Tuesday, June 30, 2009

Forward: A Stranger in A Strange Land

"... for he said, I have been a stranger in a strange land...''

~ Exodus

"Now you are under a curse and driven from the ground ...You will be a restless wanderer on the earth."
~ Genesis

I have come to believe that children are a product of their environment, genetics and their parents. Traits, habits, vices, the "sins of the father" are passed on from one generation to the next. Some absorb the good, some the bad, others a combination of both. This is true with my family, I can see the mark of Cain stamped upon us. While a few of us have found a separate peace, others continue to writhe and contort in agony, spiraling ever downward. So, to begin to understand me, you have to know a little bit about my parents and the families they came from.
Both of my father's parents came from strong, outspoken, authoritarian families. Grandpa Karl came to the US from Switzerland in 1920 and Grandma Bertha’s family came from Germany in the mid-1800’s.
Grandpa was frugal, strict and expected obedience. This was due in part to the times; it was the Great Depression and it was tough to keep food on the table and a roof over their heads. Despite this he was a bit mischievous and had a good sense of humor and moments of unexpected generosity. But the children were expected to behave, obey commands immediately and to be seen and not heard.

My father was one of seven kids and by all accounts (except his) very ornery from birth and had frequent visits with the thick leather barbers strap in the woodshed. Growing up on a farm is hard work and dangerous, but Grandma used to tick off on her fingers the long litany of Dad's transgressions and when she’d get to her tenth digit she’d stop, sigh, and continue again on the first hand. His accidental brushes with death were numerous and humorous. When he was 17 he answered an ad in the paper looking for experienced cattle handlers. He was so much trouble in school that when he went to his principal to ask permission to leave school for a year, the principal thought it would be the best thing for both of them! He went to Texas and then on to Athens, Greece helping to transport wild mustangs. When he came back to finish school, the Principal told him he still wasn’t mature enough to graduate. Now, most people reading this would say, “Oh, the principal must have had it out for him”, but not if you knew my dad. Looking at him now I realize that he must have had some form of Attention Deficit Disorder. But Grandma strong armed the principal into letting him graduate, he went to college, met my mother, graduated, married my mother, served 4 years in the navy, went to grad school and got his masters degree. It sounds like just your average story, but I am telling you, any one of the above is so fantastically impossible for my Dad to accomplish it would be like me finding a bar of gold in a peanut butter sandwich!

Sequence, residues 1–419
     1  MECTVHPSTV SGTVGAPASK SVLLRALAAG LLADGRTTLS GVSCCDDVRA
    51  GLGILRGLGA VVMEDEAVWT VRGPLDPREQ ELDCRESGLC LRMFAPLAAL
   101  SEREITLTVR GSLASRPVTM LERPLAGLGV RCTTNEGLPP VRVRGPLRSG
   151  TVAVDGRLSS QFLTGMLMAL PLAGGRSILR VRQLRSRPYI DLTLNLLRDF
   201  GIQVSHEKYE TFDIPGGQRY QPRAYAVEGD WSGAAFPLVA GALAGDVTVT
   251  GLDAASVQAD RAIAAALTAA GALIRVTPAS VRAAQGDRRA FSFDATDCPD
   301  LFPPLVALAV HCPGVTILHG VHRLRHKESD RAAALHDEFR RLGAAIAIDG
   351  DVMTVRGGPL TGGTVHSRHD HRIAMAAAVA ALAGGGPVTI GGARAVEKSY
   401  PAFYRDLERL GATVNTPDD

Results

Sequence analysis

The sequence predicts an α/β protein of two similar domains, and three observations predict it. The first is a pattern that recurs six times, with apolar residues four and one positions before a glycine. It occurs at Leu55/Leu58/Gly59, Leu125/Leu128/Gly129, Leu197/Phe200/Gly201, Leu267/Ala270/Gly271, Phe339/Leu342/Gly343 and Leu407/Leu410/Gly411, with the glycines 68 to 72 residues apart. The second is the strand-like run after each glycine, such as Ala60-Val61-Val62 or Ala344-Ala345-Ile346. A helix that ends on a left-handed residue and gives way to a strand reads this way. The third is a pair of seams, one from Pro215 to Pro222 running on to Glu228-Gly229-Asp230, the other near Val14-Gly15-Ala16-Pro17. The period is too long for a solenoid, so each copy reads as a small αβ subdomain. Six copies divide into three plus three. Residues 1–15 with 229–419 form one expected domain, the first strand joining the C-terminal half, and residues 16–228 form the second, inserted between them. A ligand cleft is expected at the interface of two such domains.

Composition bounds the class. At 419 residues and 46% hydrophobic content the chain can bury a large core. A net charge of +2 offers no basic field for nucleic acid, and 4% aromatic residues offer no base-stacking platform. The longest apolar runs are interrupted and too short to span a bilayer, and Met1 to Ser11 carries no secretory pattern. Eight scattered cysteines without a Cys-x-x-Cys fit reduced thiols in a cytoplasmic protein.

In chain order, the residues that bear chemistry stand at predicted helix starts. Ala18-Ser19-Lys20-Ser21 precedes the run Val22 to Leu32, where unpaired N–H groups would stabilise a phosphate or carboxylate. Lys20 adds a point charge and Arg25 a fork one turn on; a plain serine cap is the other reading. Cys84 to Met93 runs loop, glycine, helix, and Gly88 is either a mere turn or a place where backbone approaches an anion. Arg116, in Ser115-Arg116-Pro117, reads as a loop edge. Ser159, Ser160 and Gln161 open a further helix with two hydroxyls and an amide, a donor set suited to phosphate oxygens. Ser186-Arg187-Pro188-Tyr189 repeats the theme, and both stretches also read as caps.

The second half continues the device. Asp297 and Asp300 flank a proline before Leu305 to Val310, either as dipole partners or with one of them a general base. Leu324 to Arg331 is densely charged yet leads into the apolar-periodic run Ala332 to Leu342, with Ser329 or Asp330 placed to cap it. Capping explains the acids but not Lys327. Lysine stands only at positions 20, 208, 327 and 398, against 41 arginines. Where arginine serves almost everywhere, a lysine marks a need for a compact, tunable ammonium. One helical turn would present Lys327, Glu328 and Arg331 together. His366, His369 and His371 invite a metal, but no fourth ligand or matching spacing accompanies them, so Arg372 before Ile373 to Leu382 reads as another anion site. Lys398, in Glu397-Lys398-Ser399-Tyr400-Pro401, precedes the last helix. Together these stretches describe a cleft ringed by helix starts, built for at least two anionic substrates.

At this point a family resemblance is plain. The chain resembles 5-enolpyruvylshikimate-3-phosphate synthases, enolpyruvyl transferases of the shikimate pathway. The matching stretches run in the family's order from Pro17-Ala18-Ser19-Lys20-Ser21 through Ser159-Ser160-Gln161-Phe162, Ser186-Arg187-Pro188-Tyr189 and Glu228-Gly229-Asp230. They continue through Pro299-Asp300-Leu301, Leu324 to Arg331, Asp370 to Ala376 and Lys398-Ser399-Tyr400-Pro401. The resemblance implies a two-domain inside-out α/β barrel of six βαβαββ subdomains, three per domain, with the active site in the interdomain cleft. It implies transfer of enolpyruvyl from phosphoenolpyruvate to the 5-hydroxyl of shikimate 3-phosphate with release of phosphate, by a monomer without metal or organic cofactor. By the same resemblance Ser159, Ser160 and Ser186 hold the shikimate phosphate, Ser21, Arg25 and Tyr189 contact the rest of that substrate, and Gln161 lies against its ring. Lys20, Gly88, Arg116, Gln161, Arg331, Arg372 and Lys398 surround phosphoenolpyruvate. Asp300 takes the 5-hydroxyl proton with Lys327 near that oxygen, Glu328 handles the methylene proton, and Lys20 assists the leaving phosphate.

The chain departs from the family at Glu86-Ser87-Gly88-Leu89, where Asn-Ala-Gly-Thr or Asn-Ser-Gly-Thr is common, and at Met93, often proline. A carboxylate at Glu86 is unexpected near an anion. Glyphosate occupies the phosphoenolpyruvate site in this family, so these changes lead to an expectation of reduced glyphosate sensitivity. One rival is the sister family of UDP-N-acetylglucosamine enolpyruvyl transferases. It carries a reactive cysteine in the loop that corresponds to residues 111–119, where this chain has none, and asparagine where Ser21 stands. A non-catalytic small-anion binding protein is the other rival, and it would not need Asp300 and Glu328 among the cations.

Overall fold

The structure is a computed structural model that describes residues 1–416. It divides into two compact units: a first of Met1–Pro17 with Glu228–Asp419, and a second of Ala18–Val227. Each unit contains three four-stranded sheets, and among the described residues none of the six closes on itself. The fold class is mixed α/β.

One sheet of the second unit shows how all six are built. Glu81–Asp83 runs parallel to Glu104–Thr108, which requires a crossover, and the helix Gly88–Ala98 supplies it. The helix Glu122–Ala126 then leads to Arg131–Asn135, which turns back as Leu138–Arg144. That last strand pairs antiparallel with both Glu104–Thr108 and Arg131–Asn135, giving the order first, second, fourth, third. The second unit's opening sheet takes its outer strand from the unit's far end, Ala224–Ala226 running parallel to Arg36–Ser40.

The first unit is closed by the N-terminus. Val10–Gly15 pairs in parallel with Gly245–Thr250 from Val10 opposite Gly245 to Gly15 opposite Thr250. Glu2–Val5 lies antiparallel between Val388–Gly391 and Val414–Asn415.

My mother’s father was kind, soft spoken, a Rhodes Scholar, a minister and later a college professor. His ancestors were Protestant Huguenots who emigrated to the "New World" from France in the 1600’s to escape religious persecution. Proud of his heritage, he liked to tell us that there had been a relative in every war beginning with the French and Indian War. Grandpa wrote a book that no one would publish titled “The Mistakes Jesus Made”. Grandma Evelyn's family were farmers, and her father believed that the woman’s place was in the home. Grandma ran away from home to go to college and went on to pick up several degrees and a doctorate.